8-6A. Value (Vcs)

=

Vcs

=

Vcs

= $28.39

8-7A. Growth rate

= return on equity x retention rate = (24%) (60%) = 14.4%

8-8A. Expected Rate of Return = + Growth Rate Expected rate of return

8-9A. Value (Vcs) Vcs

=

+ 0.085 = 0.181 = 18.1%

= + = +

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Foundations of Finance, Seventh Edition 235 Vcs

= $37.37

8-10A. If the expected rate of return is represented by

Current Price =

Price in Year 1 Dividend in Year 1 + (1 + expected return) (1 + expected return)

Expected rate of return

Expected rate of return

Expected rate of return

8-11A. a.

k ps

_ : k cs

= - 1

= - 1 = 0.1136

= 11.36%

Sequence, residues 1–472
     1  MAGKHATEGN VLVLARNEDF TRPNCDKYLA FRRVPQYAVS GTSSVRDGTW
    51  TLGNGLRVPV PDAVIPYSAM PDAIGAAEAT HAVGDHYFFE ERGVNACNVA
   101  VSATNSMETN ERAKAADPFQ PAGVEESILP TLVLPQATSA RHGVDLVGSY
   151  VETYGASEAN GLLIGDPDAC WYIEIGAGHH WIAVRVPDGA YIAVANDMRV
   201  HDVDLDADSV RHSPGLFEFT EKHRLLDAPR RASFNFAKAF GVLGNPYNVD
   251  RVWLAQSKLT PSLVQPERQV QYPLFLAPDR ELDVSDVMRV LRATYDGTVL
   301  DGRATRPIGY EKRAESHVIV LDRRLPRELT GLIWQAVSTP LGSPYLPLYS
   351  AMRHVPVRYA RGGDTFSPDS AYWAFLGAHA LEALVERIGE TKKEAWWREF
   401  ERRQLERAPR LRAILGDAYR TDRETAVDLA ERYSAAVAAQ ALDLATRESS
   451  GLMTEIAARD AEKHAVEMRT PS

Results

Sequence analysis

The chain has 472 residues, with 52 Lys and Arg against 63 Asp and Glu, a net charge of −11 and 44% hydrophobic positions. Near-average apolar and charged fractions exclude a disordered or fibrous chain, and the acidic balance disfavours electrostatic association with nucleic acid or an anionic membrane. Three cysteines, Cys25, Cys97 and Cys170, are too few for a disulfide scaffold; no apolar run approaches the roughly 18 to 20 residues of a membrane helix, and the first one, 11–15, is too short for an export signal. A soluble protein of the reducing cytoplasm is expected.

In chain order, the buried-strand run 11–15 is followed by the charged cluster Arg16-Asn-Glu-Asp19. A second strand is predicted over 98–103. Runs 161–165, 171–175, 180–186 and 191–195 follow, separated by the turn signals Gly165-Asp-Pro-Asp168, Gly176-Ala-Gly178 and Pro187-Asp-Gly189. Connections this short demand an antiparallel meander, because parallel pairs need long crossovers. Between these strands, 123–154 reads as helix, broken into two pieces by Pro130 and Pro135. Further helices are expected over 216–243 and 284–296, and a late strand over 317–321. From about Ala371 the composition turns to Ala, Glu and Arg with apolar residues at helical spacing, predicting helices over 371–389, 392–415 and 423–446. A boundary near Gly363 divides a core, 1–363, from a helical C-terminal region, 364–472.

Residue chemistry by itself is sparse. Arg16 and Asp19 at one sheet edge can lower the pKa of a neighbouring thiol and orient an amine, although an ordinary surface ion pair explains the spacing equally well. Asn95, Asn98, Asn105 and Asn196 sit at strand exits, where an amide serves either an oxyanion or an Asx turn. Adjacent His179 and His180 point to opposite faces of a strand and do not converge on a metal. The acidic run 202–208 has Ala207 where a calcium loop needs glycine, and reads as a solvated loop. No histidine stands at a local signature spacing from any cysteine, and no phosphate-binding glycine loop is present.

= = = 11.43%

b.

Value (Vps ) = = = $40

c.

The investor's required rate of return (10 percent) is less than the expected rate of return for the investment (11.43 percent). Also, the value of the stock to the investor ($40) exceeds the existing market price ($35). You should buy the stock.

8-12A. a.

Expected Rate of Return = + = + 0.08 = 0.1232 = 12.32%

b.

Investor's Value

= = = $36.00

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236 Keown/Martin/Petty Instructor’s Manual with Solutions c.

8-13A. a.

Yes, the expected rate of return is greater than your required rate of return (12.32 percent versus 11 percent). Also, your value of the stock ($36.00) is larger than the current market price ($25.00). Value (Vb) based upon your required rate of return: Bond: Vb

12

=

t 1

$140 $1,000 + t (1 + .12)12 (1 + .12)

= $140(6.194) + $1,000(.257) = $867.16 + $257 = $1,124.16 Preferred Stock: Vps =

$12